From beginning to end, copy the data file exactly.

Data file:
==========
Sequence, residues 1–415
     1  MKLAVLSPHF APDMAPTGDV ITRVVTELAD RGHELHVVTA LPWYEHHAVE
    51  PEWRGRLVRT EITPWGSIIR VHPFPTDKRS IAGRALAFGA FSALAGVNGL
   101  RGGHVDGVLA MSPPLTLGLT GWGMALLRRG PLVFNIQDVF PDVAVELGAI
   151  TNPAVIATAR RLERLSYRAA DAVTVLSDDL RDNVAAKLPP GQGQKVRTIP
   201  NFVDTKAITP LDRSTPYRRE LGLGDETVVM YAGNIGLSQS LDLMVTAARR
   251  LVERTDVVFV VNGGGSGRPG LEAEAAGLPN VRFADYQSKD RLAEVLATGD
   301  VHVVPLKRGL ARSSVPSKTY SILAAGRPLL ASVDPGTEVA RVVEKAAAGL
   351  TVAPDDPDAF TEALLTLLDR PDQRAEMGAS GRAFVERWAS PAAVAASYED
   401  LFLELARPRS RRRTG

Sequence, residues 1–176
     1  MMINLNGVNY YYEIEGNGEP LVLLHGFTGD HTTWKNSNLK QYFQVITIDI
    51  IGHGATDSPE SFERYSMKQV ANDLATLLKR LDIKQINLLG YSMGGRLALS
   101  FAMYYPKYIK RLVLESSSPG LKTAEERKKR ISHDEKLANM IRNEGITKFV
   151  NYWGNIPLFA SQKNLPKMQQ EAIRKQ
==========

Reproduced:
Sequence, residues 1–415
     1  MKLAVLSPHF APDMAPTGDV ITRVVTELAD RGHELHVVTA LPWYEHHAVE
    51  PEWRGRLVRT EITPWGSIIR VHPFPTDKRS IAGRALAFGA FSALAGVNGL
   101  RGGHVDGVLA MSPPLTLGLT GWGMALLRRG PLVFNIQDVF PDVAVELGAI
   151  TNPAVIATAR RLERLSYRAA DAVTVLSDDL RDNVAAKLPP GQGQKVRTIP
   201  NFVDTKAITP LDRSTPYRRE LGLGDETVVM YAGNIGLSQS LDLMVTAARR
   251  LVERTDVVFV VNGGGSGRPG LEAEAAGLPN VRFADYQSKD RLAEVLATGD
   301  VHVVPLKRGL ARSSVPSKTY SILAAGRPLL ASVDPGTEVA RVVEKAAAGL
   351  TVAPDDPDAF TEALLTLLDR PDQRAEMGAS GRAFVERWAS PAAVAASYED
   401  LFLELARPRS RRRTG

Sequence, residues 1–176
     1  MMINLNGVNY YYEIEGNGEP LVLLHGFTGD HTTWKNSNLK QYFQVITIDI
    51  IGHGATDSPE SFERYSMKQV ANDLATLLKR LDIKQINLLG YSMGGRLALS
   101  FAMYYPKYIK RLVLESSSPG LKTAEERKKR ISHDEKLANM IRNEGITKFV
   151  NYWGNIPLFA SQKNLPKMQQ EAIRKQ